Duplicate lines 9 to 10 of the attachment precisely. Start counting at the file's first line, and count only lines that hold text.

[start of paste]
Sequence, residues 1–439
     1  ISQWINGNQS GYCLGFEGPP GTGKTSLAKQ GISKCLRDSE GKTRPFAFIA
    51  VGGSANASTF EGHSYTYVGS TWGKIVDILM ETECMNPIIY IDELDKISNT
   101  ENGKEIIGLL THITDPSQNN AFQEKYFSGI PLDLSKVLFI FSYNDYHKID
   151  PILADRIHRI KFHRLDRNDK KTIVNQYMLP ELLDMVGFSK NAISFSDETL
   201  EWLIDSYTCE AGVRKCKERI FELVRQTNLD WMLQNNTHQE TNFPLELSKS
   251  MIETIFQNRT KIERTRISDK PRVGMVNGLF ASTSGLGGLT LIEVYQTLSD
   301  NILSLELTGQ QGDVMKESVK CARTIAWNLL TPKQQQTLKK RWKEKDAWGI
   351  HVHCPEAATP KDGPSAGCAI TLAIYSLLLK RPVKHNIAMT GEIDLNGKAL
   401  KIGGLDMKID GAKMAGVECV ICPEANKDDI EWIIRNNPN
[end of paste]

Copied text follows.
   351  HVHCPEAATP KDGPSAGCAI TLAIYSLLLK RPVKHNIAMT GEIDLNGKAL
   401  KIGGLDMKID GAKMAGVECV ICPEANKDDI EWIIRNNPN